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Identification of In-vivo Probe Based Confocal Laser Endomicroscopy Cellular Characteristics in Obese Women

This study is currently recruiting participants.
Verified October 2017 by Dr. Ofir Harnoy MD, Sheba Medical Center
Sponsor:
ClinicalTrials.gov Identifier:
NCT02781961
First Posted: May 25, 2016
Last Update Posted: October 24, 2017
The safety and scientific validity of this study is the responsibility of the study sponsor and investigators. Listing a study does not mean it has been evaluated by the U.S. Federal Government. Know the risks and potential benefits of clinical studies and talk to your health care provider before participating. Read our disclaimer for details.
Information provided by (Responsible Party):
Dr. Ofir Harnoy MD, Sheba Medical Center
  Purpose

Previous studies have shown that histological changes in the gastric mucosa between obese and non-obese individuals do exist. Understanding these histological differences (between obese and non-obese individuals) might elucidate obesity pathophysiology.

However, the data is scarce and even contradictory. Even less is known about the histological characteristics of the duodenal mucosa in obesity and lean states, but several studies already performed hint for some differences. These differences might influence gut hormones composition and function and play a crucial role in the development of obesity and metabolic syndrome. To our best knowledge, in-vivo, human, real-time cellular level comparison of gastric and duodenal mucosa has never been done. This can be now accomplished with pCLE.

pCLE, is composed from a miniature microscope assembled in the tip of an optical fiber. This optic fiber is then inserted through the working channel of a standard endoscope, bringing the microscope at the tip of the fiber to close proximity with the tissue. The system applies a blue-light laser that after staining with fluorescein (IV 2.5 ml, 10% fluorescein, once) provides a cellular-level, in-vivo, real time images: the concept of so called "optical biopsies". The system has been used as an auxiliary tool in GI-endoscopy in recent years. This technology has been shown to be useful in identifying objective histological features and even intramucosal bacteria in different tissues.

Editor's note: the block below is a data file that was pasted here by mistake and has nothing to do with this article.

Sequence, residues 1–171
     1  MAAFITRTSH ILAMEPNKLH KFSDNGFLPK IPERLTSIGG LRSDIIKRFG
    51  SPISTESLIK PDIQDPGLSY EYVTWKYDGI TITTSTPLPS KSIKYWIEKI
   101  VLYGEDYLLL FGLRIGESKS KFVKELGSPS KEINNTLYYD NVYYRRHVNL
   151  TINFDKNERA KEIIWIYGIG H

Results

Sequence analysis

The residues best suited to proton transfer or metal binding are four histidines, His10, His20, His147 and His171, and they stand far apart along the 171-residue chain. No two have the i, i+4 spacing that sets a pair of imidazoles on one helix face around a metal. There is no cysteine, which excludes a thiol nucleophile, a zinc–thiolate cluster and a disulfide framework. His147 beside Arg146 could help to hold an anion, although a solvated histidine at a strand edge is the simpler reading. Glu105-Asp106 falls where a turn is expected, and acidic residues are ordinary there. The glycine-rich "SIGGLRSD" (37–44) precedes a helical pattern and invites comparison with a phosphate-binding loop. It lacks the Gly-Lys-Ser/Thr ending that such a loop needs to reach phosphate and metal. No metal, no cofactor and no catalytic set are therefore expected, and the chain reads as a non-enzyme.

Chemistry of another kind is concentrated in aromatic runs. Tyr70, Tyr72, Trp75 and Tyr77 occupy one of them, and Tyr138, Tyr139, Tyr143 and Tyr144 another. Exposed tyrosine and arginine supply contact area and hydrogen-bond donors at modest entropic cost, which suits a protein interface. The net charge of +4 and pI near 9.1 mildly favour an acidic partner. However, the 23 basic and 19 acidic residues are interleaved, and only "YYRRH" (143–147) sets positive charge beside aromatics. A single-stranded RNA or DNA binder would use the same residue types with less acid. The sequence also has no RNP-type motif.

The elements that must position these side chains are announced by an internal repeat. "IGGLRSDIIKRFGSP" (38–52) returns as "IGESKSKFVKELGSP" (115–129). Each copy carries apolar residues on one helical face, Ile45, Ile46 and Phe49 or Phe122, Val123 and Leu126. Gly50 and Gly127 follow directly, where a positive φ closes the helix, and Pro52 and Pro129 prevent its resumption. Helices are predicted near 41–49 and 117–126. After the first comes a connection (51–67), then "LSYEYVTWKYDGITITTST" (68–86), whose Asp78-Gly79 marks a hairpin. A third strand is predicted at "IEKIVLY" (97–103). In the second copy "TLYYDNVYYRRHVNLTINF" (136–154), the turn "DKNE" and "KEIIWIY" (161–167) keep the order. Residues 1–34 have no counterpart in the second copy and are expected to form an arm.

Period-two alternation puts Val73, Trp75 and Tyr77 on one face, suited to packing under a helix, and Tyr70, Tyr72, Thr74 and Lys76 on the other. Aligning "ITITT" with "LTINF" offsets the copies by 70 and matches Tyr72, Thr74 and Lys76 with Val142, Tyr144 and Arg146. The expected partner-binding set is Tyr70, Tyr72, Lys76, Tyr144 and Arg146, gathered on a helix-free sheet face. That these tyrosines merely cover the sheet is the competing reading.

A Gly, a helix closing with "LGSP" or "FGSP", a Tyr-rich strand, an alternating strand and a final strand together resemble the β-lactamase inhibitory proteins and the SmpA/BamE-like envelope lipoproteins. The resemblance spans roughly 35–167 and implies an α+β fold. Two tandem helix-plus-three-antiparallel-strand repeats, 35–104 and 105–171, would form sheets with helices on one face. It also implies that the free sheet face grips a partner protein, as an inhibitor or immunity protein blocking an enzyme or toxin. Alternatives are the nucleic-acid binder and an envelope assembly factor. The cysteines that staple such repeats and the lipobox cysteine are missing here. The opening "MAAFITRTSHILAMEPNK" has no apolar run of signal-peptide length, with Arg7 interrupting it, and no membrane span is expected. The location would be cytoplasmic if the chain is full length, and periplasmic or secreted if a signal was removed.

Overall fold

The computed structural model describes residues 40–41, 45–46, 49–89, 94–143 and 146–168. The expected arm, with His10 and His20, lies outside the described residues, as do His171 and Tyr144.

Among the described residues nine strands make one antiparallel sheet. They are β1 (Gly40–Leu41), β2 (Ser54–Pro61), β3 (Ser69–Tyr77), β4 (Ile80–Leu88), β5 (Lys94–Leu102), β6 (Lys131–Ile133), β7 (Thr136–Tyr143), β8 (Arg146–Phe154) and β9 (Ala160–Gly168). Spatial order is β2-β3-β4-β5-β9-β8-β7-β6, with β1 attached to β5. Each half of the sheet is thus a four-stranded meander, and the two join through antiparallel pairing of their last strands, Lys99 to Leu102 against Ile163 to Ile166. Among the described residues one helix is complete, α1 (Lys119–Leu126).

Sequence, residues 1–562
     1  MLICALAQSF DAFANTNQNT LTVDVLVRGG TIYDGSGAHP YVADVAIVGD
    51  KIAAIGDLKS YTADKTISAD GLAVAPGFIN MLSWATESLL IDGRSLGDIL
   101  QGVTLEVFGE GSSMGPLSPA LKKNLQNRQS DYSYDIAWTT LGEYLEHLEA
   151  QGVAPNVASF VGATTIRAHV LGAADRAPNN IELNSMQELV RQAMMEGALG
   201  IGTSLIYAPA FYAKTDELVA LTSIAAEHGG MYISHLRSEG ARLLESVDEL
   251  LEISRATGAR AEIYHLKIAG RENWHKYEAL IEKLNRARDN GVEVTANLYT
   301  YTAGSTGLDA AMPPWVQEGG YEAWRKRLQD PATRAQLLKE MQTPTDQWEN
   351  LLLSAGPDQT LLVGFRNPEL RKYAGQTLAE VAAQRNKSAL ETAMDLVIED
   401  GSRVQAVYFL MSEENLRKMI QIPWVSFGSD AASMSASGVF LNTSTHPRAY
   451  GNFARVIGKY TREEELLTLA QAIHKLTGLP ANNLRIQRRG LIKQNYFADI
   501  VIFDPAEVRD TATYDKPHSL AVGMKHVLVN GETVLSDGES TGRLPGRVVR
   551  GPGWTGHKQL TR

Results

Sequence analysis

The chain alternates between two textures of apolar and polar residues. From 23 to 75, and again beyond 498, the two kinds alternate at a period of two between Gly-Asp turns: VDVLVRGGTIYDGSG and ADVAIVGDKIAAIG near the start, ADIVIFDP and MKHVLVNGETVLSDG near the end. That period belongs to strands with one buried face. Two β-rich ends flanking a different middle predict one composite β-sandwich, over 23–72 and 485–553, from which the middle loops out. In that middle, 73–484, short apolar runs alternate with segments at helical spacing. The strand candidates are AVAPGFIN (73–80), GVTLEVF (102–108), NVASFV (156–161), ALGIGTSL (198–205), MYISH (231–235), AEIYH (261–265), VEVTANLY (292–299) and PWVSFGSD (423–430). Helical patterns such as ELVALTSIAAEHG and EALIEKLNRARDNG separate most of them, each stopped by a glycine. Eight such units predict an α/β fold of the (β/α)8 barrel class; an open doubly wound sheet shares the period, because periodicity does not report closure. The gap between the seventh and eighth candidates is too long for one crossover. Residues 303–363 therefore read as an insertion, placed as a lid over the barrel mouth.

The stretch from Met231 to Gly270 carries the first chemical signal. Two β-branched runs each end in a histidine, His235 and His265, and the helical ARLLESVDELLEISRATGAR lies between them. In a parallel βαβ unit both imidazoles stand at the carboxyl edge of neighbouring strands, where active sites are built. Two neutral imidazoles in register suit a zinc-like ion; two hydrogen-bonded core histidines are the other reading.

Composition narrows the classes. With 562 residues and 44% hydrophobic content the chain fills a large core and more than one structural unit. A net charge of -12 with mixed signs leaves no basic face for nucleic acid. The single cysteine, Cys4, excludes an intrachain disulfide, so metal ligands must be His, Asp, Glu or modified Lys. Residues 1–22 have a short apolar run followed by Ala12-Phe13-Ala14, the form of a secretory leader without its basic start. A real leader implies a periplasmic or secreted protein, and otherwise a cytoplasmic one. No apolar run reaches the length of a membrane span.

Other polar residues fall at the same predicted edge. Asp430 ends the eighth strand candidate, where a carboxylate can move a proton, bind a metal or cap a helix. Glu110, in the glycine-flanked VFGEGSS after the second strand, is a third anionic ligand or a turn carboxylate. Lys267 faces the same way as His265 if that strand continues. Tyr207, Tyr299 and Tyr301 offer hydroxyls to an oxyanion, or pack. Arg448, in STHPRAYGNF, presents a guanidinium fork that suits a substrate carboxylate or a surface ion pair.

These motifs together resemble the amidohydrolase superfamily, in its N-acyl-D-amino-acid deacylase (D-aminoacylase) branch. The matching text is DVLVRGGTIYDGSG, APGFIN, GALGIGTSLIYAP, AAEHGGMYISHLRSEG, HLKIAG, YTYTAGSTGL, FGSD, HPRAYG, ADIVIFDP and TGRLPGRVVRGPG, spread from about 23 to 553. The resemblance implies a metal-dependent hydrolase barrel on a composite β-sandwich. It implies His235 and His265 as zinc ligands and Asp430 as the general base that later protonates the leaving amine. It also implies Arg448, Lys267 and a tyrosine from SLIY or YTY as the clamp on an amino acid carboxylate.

Condition Intervention
Obesity Other: cellvizio

Study Type: Observational
Study Design: Observational Model: Case-Only
Time Perspective: Prospective
Official Title: Identification of In-vivo Probe Based Confocal Laser Endomicroscopy (pCLE) Gastric & Duodenal Cellular Characteristics in Obese Women Before & After Weight Reduction

Further study details as provided by Dr. Ofir Harnoy MD, Sheba Medical Center:

Primary Outcome Measures:
  • tissue morphology [ Time Frame: 3 months ]
    pCLE morphological characteristics of gastric and duodenal cells in obese individuals, before and after sleeve gastrectomy (when weight loss is achieved)


Estimated Enrollment: 10
Study Start Date: June 2016
Estimated Study Completion Date: May 2018
Estimated Primary Completion Date: May 2018 (Final data collection date for primary outcome measure)
Intervention Details:
    Other: cellvizio
    pCLE during gastroscopy
Detailed Description: